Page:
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Sílvia Vidal making her solo 33-day ascent of Sincronia Magica on Cerro Chileno Grande in Patagonia
Photo by Sílvia Vidal
Sílvia Vidal on Cerro Chileno Grande in Patagonia while making the solo first ascent Sincronia Magica
Photo by Sílvia Vidal
The line of Sincronia Magica on Cerro Chileno Grande in Patagonia, established solo over a period of 33 days from 07/02 to 10/03/2020 by Catalan alpinist Silvia Vidal
Photo by Sílvia Vidal

Sílvia Vidal completes 33-day solo ascent of Sincronia Magica on Cerro Chileno Grande, Patagonia

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After spending 33 days alone on the wall from 07/02 - 10/03/2020, Silvia Vidal completed a new big wall climb up the West Face of Cerro Chileno Grande in Patagonia, Chile. Sincronia Magica (A3+/6a+, 1200m circa) is the first route up the mountain’s west face.

Catalan alpinistSílvia Vidal has consolidated her reputation for being one of the world’s foremost big wall climbers with her 33-day solo first ascent of Sincronia Magica up the West Face of the remote Cerro Chileno Grande in the Aysén region of Patagonia in Chile. Without any form of communication whatsoever, Vidal remained totally isolated from the rest of the world for a month and a half in order to establish the first route up the face. Circa 1200m high, this breaches difficulties up to A3+/6a+ and was climbed in a determined 33-day push. Vidal’s previous first ascents span the globe from Patagonia to Alaska and Pakistan’s Trango Towers, and the details of her most recent solo trip just before the lockdown in Chile due to the Coronavirus crisis are explained below.

SINCRONIA MÀGICA
Alone and totally isolated and incommunicado; no radio, no phone, no GPS, any kind of communication device for a month and half, in the Chileno valley.

After fixing the first 180 meters, I spent 33 days living on the wall from 7th February until the 10th of March in order to establish a route I called “Sincronia Màgica. The details are as follows: 1.180 meters climbed, A3+/6a+, followed by 30 minutes to reach the westernmost needle, which turned out not to be the main summit.

The wall is huge and vertical. There is circa 330m of vertical terrain, with much vegetation that prevented me from enjoying the climbing there, especially since I didn’t even know how to breach it. I graded it MT (Bush “Matojo” Traction) because in order to climb the vertical cracks that were full of vegetation I used crampons and an ice axe! Protection was very poor and runout.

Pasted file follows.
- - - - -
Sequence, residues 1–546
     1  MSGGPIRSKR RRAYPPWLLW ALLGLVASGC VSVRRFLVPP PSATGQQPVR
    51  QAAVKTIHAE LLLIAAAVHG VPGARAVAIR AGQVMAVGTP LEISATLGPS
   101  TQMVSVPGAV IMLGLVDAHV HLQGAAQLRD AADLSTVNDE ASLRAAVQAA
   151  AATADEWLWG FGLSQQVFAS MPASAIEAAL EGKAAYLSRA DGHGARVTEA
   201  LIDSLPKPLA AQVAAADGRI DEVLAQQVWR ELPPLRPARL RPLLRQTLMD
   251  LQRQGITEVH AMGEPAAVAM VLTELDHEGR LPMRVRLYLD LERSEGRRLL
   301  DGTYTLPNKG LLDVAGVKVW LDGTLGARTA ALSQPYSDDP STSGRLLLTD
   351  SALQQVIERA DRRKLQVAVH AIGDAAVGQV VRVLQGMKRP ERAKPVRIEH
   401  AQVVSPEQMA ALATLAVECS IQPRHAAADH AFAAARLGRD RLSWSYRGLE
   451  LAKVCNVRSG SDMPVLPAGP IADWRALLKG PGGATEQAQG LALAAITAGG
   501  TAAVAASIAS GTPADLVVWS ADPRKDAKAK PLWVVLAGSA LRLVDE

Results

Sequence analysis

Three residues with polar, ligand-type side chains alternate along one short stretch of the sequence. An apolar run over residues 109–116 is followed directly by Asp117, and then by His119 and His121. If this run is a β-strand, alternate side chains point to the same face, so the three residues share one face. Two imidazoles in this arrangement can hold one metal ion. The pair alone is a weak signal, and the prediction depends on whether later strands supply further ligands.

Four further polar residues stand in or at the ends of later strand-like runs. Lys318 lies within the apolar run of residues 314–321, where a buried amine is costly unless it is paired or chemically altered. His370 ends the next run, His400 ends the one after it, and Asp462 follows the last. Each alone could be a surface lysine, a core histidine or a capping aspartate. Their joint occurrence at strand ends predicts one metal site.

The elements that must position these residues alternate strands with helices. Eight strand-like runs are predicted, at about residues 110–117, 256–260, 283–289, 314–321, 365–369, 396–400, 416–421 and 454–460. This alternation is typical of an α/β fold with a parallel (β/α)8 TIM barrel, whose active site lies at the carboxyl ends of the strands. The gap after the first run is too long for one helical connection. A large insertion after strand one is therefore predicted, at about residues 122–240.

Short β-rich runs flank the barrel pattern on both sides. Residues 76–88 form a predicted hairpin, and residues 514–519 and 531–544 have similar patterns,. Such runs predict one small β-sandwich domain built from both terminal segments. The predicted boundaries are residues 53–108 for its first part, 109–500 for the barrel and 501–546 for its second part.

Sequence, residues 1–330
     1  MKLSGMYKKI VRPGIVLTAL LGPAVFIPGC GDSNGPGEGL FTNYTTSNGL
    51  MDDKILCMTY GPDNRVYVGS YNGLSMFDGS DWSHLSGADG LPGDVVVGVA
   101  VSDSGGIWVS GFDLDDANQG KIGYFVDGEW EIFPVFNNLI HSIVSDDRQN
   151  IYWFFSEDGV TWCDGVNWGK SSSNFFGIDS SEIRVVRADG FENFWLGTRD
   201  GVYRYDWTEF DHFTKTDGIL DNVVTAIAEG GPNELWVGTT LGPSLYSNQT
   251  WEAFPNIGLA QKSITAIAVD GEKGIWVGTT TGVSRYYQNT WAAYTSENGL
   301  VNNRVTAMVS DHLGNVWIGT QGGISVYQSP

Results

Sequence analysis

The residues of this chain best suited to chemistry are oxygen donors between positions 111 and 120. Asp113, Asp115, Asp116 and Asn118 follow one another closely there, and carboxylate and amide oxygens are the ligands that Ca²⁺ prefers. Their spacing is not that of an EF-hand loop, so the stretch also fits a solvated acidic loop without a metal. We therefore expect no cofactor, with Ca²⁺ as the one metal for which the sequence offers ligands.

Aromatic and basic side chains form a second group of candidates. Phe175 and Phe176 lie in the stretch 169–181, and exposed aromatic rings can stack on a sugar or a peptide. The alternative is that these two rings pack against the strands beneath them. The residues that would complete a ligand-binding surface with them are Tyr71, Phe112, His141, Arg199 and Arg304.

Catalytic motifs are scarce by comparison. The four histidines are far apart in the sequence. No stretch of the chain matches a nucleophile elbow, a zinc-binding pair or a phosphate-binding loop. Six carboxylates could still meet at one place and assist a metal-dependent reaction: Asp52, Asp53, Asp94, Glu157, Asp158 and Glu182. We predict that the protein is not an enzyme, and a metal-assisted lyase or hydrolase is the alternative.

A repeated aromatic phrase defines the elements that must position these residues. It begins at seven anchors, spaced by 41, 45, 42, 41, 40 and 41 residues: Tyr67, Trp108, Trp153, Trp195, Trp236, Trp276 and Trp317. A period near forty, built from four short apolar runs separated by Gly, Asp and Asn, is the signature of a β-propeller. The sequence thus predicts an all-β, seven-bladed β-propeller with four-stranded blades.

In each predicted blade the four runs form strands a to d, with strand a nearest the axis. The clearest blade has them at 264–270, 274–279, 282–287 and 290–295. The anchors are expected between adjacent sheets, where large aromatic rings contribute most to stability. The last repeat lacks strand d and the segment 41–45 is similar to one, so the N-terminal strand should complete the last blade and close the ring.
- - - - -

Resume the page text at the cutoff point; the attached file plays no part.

The rest of the route (the remaining 850 meters) provided slabs and cracks. While the offwidth cracks and chimneys were generally clean, the slabs tended to be covered in moss that proved slippery when wet.

The west face of Cerro Chileno Grande is a complex wall and progression proved difficult, not just because of the technical difficulties of the climb, but also because of the number of rope manoeuvres necessary to move across this varied terrain; roofs, traverses and pendulums... to link cracks and slabs.

I established 3 camps on the wall and climbed capsule-style. The rappels took 4 entire days, and I had to fix the pitches before rappelling them with the haulbags.

Weather was, as always, a determining factor. Considering its location, I actually had quite good weather and although it rained 50% of the days, usually this ratio is higher. I endured two big rain storms accompanied by high winds. Being on the wall in these conditions is dangerous and while rain is common, high winds are not.

In total I dedicated 16 days to transporting my gear to and from the face. I made various approaches through the forest, glacial moraine and across the glacier, each time carrying 25kg of gear. Andrea, Marco and Manu, who work in the area and to whom I am deeply grateful, offered to help carry a load each. I carried all the rest of the equipment on my own, negotiating more than 150km of terrain.

All of the above makes it sound like it was a hell of a place. But it’s not. The place is amazing, beautiful and intense, and my experience is summed up in the name of the route, Sincronia Màgica.

When things flow and somehow continue, despite their complications and difficulties, and eventually transform into what you hoped, then the entire experience becomes worthwhile.

Returning from an expedition where you have been alone and totally isolated requires time to acclimatise to “civilization”, to manage to adapt to the changes. But this time on my return what has changed is the entire planet. The world has changed, and so have we.

Sílvia Vidal
www.vidalsilvia.com

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